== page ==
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Turning a one piece crankshaft

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CMS

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With some time off this upcoming holiday, I would like to try my hand at turning a one piece crank. I'd like to try one from shaft stock as well as flat stock. So what kind of tips, tricks, and pointers can you pro's out there lend my way?
 

cfellows

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Is this going to be a single cylinder crank or multiple cylinder?

Chuck
 

CMS

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A single cylinder to start with and work my way to a twin. I've got two projects going on and the single's five piece crank is off a bit, so all the better reason to start with it. My twin project, the crank turned out nicely to be in nine pieces. So when I master the single, I'll shot for the double.

DSCF2545.jpg


DSCF2547 (2).jpg
 

Diy89

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The only way i know, i read in an old Army manual.
Using bar stock, scribe a centerline on both ends. Spot drill the center, and the offset (crank throw) on both ends. Using centers and a drive-dog, set up on the offset and turn the stock for your rod bearings. Then move to the center and cut the mains. Here is where cut your web thickness too.
I'll try and find the link to that manual, it explains it better. Mind you i have not had a bunch of success. Also you have to start with a bar big enough to cover your crank throw. I think this is where i go wrong, having a "want it done right now" and cranking the handles for deep cuts. ::)

Hope its ok to post, here is the link. Page 62/63 it starts. Also shows the simular technique as Blackvette's link.

http://www.metalwebnews.com/machine-tools/ch7.pdf
 

rklopp

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Here is a description of the fixture and procedure I used for making two-throw cranks for six modified Upshur twins I am building. It is a marked departure from the well-known technique of making offset center holes in each end of the stock. The only times center support was used was for turning the main journals and shafts, and the inner end was always held and driven using a collet, not a headstock center and dog. I rarely ever turn between two centers.

1. Using conventional chucking techniques, I turned up eight slugs (two extras) like the proverbial Monty Python dinosaur - skinny at one end, fat in the middle, and skinny at the other end. The skinny ends were left oversized for finish turning to main journal and shaft sizes once the throws were complete. One skinny end was temporarily threaded for a nut to pull it into the fixture. The root diameter of the thread was bigger than the finish diameter of the shaft.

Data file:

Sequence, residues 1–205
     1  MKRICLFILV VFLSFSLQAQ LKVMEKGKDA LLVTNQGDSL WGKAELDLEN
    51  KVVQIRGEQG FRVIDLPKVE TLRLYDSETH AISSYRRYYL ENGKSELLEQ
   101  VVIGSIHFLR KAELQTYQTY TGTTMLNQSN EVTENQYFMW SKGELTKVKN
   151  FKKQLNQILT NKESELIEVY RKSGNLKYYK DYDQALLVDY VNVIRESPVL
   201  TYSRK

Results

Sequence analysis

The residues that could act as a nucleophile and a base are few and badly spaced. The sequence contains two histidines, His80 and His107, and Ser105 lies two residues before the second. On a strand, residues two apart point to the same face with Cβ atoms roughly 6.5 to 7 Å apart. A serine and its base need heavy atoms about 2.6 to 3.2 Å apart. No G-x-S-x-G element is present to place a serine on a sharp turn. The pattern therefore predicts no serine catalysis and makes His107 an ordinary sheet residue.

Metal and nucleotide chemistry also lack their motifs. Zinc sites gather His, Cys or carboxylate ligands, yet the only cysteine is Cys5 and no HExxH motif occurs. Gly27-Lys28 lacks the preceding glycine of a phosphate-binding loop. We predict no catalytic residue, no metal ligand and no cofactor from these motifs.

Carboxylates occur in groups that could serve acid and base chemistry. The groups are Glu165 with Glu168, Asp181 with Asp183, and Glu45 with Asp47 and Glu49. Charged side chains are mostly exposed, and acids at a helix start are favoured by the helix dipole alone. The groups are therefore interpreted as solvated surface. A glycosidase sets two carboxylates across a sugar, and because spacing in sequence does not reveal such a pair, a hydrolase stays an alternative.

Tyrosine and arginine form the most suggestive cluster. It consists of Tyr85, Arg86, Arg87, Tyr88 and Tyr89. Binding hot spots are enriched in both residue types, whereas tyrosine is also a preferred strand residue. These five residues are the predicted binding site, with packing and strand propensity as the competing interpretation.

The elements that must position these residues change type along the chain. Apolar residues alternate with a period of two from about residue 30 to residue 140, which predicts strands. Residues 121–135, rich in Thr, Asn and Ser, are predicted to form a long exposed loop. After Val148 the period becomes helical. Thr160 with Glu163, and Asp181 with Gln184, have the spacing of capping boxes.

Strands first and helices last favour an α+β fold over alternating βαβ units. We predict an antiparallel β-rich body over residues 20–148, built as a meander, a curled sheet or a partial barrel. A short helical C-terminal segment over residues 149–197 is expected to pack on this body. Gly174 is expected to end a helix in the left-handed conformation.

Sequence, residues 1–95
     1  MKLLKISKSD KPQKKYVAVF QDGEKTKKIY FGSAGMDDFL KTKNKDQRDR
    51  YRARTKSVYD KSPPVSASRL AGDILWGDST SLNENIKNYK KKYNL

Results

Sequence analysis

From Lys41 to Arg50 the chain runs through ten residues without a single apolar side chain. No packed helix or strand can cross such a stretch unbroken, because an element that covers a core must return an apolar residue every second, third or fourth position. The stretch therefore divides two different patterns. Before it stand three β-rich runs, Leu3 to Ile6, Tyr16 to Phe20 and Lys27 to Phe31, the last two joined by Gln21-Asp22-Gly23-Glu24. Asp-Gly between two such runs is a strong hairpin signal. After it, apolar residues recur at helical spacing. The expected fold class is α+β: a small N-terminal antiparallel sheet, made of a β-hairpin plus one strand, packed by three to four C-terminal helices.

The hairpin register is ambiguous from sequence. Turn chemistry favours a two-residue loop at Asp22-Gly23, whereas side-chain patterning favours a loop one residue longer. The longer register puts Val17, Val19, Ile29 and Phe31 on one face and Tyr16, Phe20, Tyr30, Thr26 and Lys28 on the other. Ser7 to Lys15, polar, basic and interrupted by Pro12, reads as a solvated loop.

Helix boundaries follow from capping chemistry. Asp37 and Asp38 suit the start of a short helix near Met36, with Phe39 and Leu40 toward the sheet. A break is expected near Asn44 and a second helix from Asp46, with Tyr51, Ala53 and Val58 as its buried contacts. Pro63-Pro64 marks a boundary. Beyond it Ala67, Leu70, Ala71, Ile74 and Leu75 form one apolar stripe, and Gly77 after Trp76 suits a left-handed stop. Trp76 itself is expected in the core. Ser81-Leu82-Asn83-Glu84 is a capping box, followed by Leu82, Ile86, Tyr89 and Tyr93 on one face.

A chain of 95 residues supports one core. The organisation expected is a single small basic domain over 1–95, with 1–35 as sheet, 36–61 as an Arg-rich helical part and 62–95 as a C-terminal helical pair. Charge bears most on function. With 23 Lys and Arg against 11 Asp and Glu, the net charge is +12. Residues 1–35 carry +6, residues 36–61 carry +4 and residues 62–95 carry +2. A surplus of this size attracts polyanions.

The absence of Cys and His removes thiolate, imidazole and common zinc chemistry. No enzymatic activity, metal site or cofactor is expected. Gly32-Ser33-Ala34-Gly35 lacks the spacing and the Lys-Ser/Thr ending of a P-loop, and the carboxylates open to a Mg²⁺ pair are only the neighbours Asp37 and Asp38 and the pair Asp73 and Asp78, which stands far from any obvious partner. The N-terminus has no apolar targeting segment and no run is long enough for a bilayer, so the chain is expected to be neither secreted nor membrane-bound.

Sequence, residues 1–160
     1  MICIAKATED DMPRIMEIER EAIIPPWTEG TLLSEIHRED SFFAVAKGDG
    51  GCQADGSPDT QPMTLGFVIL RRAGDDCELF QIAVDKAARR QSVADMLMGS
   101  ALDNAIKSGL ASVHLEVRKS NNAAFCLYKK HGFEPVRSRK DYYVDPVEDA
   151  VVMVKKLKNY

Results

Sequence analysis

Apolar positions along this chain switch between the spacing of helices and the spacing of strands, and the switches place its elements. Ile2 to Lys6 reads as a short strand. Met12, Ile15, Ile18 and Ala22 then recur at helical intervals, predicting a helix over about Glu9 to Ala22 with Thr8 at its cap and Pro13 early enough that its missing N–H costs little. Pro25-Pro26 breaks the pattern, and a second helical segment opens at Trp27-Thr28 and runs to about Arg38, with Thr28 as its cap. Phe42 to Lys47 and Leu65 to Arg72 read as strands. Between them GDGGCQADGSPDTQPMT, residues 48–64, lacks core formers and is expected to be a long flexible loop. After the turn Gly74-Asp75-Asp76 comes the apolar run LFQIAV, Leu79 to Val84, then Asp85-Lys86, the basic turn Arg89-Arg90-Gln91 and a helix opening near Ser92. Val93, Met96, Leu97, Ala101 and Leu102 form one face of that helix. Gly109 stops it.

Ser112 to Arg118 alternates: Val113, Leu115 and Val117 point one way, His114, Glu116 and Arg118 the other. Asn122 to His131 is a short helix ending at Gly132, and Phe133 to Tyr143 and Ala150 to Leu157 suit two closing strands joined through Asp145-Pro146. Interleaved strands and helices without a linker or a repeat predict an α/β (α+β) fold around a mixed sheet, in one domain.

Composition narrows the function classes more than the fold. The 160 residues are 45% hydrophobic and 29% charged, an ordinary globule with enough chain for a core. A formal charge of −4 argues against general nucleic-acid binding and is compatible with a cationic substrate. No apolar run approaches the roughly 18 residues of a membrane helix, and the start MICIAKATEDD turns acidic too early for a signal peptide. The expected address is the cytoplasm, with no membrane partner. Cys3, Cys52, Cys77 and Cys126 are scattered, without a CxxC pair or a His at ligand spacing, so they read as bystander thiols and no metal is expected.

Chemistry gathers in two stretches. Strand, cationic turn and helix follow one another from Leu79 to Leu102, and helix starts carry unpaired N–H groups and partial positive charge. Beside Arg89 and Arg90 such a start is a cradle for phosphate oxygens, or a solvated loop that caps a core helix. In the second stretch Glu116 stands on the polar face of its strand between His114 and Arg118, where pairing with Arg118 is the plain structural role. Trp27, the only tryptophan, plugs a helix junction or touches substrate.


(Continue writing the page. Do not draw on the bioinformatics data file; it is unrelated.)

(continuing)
2. I cut a notch in the corner of each slug in the mill. The notch is a close fit to a dowel pin in the face of the fixture, and is for transferring the driving torque and allowing repeatable removal and replacement of the cranks-to-be.

3. I built a fixture based on a cheap Asian D1-3 chuck backplate to hold each slug for turning the throws. A nut in a counterbore in the back pulls the slug hard against the face of the fixture, making a very stiff setup. Stiffness is critical for making the turning fast and easy. The fixture can be offset left and right for each throw, plus it has a center position for facing and boring the fixture to accept the slugs. Dowels between the back of the aluminum cross-bar and iron back-plate give good locational precision and accuracy for the offsets. Obviously, I have to have decent control of the nascent shaft ODs that fit in the fixture.



4. The throw furthest from the fixture was turned first, relying on the main body of the slug to provide stiffness.





Then, the inner throw was turned.



These are the cranks before profiling the webs or finishing of the main journals and shafts. I made two extras.



5. The cranks were transferred back to the mill for profiling of the webs.

6. The cranks were transferred back to the lathe for finishing the main journals and shafts to size, turning the tapered seats for the flywheels (one of my many deviations from Upshur's plans), and left-hand-threading of the stubs for the flywheel nuts. The turning had to be gentle, because cutting the throws ruined the stiffness. Sorry, I don't have pictures of the finished cranks yet.

I used 1144 (LaSalle Stress-Proof) to make the cranks. The fixture materials consist of cast iron for the back plate, 6061 aluminum for the cross bar, and a steel cylinder shrunk-fit into the aluminum.
 

tel

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Now that's an impressive bit of work!
 

Maryak